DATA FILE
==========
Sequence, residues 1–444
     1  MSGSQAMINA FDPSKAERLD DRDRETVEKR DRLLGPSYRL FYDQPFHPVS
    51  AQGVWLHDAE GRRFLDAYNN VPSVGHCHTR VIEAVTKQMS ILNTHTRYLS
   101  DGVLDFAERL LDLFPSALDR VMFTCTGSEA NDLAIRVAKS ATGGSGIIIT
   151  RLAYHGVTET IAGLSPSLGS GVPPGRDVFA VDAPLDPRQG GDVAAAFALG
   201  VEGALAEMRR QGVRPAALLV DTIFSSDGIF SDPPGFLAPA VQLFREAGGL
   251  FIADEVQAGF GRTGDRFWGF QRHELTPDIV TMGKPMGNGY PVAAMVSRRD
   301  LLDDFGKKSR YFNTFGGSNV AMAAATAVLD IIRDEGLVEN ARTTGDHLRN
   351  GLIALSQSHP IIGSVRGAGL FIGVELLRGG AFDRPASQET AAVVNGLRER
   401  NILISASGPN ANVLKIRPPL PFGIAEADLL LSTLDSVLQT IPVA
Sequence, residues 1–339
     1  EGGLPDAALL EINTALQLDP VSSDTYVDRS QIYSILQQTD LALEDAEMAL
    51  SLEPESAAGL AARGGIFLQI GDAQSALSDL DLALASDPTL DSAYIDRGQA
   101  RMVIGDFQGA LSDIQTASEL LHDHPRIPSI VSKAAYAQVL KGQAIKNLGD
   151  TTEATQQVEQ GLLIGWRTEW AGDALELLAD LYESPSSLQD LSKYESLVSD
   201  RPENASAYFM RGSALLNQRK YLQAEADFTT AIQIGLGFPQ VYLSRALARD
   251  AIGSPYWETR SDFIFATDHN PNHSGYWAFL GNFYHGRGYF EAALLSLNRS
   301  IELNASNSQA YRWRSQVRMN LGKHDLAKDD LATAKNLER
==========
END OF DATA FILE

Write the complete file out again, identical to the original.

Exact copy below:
Sequence, residues 1–444
     1  MSGSQAMINA FDPSKAERLD DRDRETVEKR DRLLGPSYRL FYDQPFHPVS
    51  AQGVWLHDAE GRRFLDAYNN VPSVGHCHTR VIEAVTKQMS ILNTHTRYLS
   101  DGVLDFAERL LDLFPSALDR VMFTCTGSEA NDLAIRVAKS ATGGSGIIIT
   151  RLAYHGVTET IAGLSPSLGS GVPPGRDVFA VDAPLDPRQG GDVAAAFALG
   201  VEGALAEMRR QGVRPAALLV DTIFSSDGIF SDPPGFLAPA VQLFREAGGL
   251  FIADEVQAGF GRTGDRFWGF QRHELTPDIV TMGKPMGNGY PVAAMVSRRD
   301  LLDDFGKKSR YFNTFGGSNV AMAAATAVLD IIRDEGLVEN ARTTGDHLRN
   351  GLIALSQSHP IIGSVRGAGL FIGVELLRGG AFDRPASQET AAVVNGLRER
   401  NILISASGPN ANVLKIRPPL PFGIAEADLL LSTLDSVLQT IPVA
Sequence, residues 1–339
     1  EGGLPDAALL EINTALQLDP VSSDTYVDRS QIYSILQQTD LALEDAEMAL
    51  SLEPESAAGL AARGGIFLQI GDAQSALSDL DLALASDPTL DSAYIDRGQA
   101  RMVIGDFQGA LSDIQTASEL LHDHPRIPSI VSKAAYAQVL KGQAIKNLGD
   151  TTEATQQVEQ GLLIGWRTEW AGDALELLAD LYESPSSLQD LSKYESLVSD
   201  RPENASAYFM RGSALLNQRK YLQAEADFTT AIQIGLGFPQ VYLSRALARD
   251  AIGSPYWETR SDFIFATDHN PNHSGYWAFL GNFYHGRGYF EAALLSLNRS
   301  IELNASNSQA YRWRSQVRMN LGKHDLAKDD LATAKNLER